|8.||Display the word cards, and invite students to read the cards as a group. Be sure to draw attention to the fact that each word sounds the same except for the beginning letter.
|9.||Place the index cards in a pocket chart and encourage students to read and interact with the words on the cards in future lessons or during free time.|
Sessions 2 and 3
|1.||Repeat this lesson using Peter, Peter Pumpkin Eater. For this rhyme, feature the words shell and well. In the same manner as the first activity, invite students to brainstorm words ending in the letters -ell.
|2.||Using Jack and Jill, feature the words Jill and hill and words ending in -ill.|
|1.||Allow students access to the website Word Families in Nursery Rhymes.
|2.||Students may scroll down the page to see lists of word families. Scrolling further down the page they will find a list of nursery rhymes that include these word families.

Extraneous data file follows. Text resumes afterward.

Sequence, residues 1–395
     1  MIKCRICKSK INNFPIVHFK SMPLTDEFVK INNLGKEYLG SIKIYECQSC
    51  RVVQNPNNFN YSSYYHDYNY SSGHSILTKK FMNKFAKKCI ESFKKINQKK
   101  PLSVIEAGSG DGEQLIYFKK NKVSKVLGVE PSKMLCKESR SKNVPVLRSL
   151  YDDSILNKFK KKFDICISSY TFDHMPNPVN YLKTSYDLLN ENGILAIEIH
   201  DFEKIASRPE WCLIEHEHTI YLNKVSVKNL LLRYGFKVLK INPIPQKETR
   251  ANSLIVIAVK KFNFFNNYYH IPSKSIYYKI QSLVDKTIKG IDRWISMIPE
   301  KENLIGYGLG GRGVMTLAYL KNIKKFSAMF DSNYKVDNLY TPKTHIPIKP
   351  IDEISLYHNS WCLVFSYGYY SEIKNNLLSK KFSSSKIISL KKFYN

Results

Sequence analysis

|3.||Instruct students to click on the title of a nursery rhyme, which will reveal a new page showing the complete text for the nursery rhyme.
|4.||Encourage students to identify the word families in a few of the nursery rhymes.
|5.||Finally, allow students to select their favorite nursery rhyme. Using KidPix software (or another graphics program), help them create an illustration for the nursery rhyme they selected. Have students type the nursery rhyme, underline the rhyming words, and include the illustration.|